The Importanceof Shopping and Eating Right

Proper nutrition is important along your cancer journey. Beyond eating healthy foods, it’s also important to incorporate the right balance of nutrients like proteins and carbohydrates along with your intake of calories. Get to know some of the important key words to look out for when managing your nutrition and learn some simple, cost-effective ways to keep healthy foods readily on hand.

Healthy Eats on a Budget

There are lots of easy ways to save money on food and eat healthy. Here are just a few cost-saving tips:

  • Buy “in season” produce; it is usually less expensive and it is at its peak flavor.
  • Buy in bulk when you find items you like on sale and freeze for future use. Usually the unit price per serving of a larger quantity purchase is much lower than the smaller package.
  • Frozen fruits and vegetables often retain more nutrition than fresh because they are flash frozen at the peak of ripeness, and often cost less.
  • Canned fruits and vegetables can be good as long as you look for those labeled “100% fruit juice” and vegetables with “low-sodium” or “no salt added”.
  • Rice, oats, barley, quinoa, and pasta are budget-friendly grain options. Also, because they can be cooked to a soft texture, they’re easier to chew and swallow than breads and dry cereals. Try to choose the whole-grain version, when possible — for example, choose brown rice over white rice.
  • Try dried beans and peas. Soak overnight and mix into your favorite soups, stews, and entrees for added protein and fiber. Canned versions are also OK but should always be rinsed before use.
  • Nut butters, eggs, and low-sodium canned meats and fish can be used as more affordable sources of protein than fresh versions.
  • Choose less expensive cuts of meat, such as chuck, round, flank, or brisket. Avoid buying prepared burgers — buy ground meats and make your own to save money.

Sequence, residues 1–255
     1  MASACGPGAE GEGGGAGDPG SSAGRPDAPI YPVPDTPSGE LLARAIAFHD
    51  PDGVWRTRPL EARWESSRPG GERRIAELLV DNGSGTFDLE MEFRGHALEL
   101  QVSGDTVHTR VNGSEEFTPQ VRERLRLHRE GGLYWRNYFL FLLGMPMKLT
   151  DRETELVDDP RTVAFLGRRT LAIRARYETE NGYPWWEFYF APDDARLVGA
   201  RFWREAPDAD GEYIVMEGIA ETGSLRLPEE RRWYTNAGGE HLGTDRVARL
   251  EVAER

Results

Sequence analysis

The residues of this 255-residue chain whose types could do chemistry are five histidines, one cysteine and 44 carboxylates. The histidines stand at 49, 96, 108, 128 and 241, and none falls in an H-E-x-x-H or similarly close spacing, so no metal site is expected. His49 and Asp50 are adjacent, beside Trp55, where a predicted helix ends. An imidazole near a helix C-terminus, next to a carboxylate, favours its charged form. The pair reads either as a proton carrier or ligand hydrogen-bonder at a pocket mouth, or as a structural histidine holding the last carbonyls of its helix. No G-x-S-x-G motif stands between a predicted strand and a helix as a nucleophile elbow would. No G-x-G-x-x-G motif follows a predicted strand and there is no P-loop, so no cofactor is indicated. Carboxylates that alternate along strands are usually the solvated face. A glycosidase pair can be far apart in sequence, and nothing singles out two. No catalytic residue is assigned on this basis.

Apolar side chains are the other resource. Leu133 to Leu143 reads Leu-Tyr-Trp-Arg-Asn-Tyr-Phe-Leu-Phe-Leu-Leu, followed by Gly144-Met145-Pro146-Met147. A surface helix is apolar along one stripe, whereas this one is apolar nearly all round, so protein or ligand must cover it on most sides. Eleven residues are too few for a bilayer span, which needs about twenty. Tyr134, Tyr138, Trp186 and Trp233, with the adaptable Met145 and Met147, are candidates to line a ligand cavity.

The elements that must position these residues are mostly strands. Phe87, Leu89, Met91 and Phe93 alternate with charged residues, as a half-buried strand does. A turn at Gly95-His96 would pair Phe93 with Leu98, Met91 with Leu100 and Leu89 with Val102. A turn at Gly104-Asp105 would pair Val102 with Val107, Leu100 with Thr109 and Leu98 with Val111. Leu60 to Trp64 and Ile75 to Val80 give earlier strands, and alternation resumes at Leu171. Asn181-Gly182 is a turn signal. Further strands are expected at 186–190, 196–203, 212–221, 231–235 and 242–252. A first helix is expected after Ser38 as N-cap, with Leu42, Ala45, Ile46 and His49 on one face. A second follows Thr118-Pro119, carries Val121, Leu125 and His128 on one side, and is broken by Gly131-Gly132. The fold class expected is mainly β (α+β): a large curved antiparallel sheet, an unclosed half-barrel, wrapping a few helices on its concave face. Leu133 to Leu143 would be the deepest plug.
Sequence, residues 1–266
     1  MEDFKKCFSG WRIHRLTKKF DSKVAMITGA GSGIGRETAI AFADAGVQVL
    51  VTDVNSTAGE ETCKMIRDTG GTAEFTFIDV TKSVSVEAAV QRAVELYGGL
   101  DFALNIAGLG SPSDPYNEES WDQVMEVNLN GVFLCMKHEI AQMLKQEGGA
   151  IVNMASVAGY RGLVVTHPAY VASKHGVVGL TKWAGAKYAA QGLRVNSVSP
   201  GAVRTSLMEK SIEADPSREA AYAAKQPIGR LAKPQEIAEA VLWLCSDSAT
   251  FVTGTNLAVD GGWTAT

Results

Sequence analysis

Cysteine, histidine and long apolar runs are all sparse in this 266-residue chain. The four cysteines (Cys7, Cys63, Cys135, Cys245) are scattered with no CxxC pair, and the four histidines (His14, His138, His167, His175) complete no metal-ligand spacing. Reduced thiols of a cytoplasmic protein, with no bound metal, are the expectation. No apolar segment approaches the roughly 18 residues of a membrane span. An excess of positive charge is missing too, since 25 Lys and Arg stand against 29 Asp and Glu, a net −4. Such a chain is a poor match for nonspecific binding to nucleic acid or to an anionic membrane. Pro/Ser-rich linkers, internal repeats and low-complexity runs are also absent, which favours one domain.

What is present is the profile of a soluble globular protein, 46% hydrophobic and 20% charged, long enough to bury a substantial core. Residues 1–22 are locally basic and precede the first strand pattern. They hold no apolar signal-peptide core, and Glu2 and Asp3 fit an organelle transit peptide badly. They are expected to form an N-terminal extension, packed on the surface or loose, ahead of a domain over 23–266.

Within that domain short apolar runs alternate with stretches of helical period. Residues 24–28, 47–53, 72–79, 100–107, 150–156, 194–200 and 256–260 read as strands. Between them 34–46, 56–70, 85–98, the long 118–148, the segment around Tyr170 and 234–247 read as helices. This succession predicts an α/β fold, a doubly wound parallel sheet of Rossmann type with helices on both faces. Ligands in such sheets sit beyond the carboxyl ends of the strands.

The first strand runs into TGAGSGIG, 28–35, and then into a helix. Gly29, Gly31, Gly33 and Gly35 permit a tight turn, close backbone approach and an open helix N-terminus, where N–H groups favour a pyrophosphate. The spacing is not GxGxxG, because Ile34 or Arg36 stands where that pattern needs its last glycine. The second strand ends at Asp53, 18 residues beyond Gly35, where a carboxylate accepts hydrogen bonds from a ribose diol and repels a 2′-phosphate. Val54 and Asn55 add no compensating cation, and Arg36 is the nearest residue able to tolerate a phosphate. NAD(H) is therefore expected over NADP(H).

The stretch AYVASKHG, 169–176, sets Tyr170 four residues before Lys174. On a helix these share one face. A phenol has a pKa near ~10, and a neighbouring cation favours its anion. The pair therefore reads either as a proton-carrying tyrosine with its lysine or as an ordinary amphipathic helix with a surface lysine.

• Buy the larger, economy-sized yogurt instead of individual, flavored yogurts. Then add flavors by mixing in your own fruits or honey. Yogurt can also be used for making smoothies or shakes.
  • Recharge leftovers! Many meals can be repurposed and used for another weeknight meal. For example, meatloaf can be made into a delicious sandwich the next day; extra oatmeal can last for several days as a warm and hearty breakfast — just vary the toppings.
  • Bring snacks to your treatment appointments instead of buying costly and unhealthy convenience foods found in restaurants and cafeterias.
  • Avoid packaged foods — fresh foods are more cost effective.
Approximately $15 of junk food: Approximately $15 of healthy food:
1 bag of tortilla chips 3 lb. bag of apples
1 package of cookies 2 lb. bag of carrots
2 liters of soda 2 lb. of broccoli
1 pint of ice cream 1 jar of peanut butter
1 loaf of whole wheat bread

Know What You Eat

Some foods can help you build your strength. Other foods may be high in calories, which can be important if you are struggling to eat regularly. Here are some terms to help make choosing the right foods less overwhelming.

  • Nutrients — Nutrients are essential for the body to grow, work, and repair. They include carbohydrates, proteins, fats, water, vitamins, and minerals. Everyone needs nutrients, but a person’s age, gender, and physical activity level decide how much is needed.
  • Calories — Just as minutes measure time and inches measure length, calories measure the amount of energy found in a food. The body needs energy to function, which is why food is needed to sustain life. Calories are found in carbohydrates, proteins, and fats.
  • Carbohydrates — Carbohydrates are the body’s main source of energy. Carbohydrates are found in most foods and come in two forms:
    • Simple carbohydrates or simple sugars give you quick energy and are found in foods like fruits, vegetables, and milk.
    • Complex carbohydrates or starches give you longer lasting energy and can be found in grains, potatoes, peas, and beans.
  • Fats — Fats are used by the body to make cells, protect organs, and help absorb certain vitamins.
  • Fiber — Fiber is found only in plant foods like fruits, vegetables, grains, nuts, and seeds.
  • Proteins — Proteins are found in both plant and animal sources. They’re made of amino acids, which are used as the building blocks for the maintenance and healing of every aspect of the body.
  • Vitamins and minerals — Vitamins, such as A, C, E, D, and minerals such as iron, calcium, and magnesium, are nutrients that are needed for the body to function, grow, and repair.

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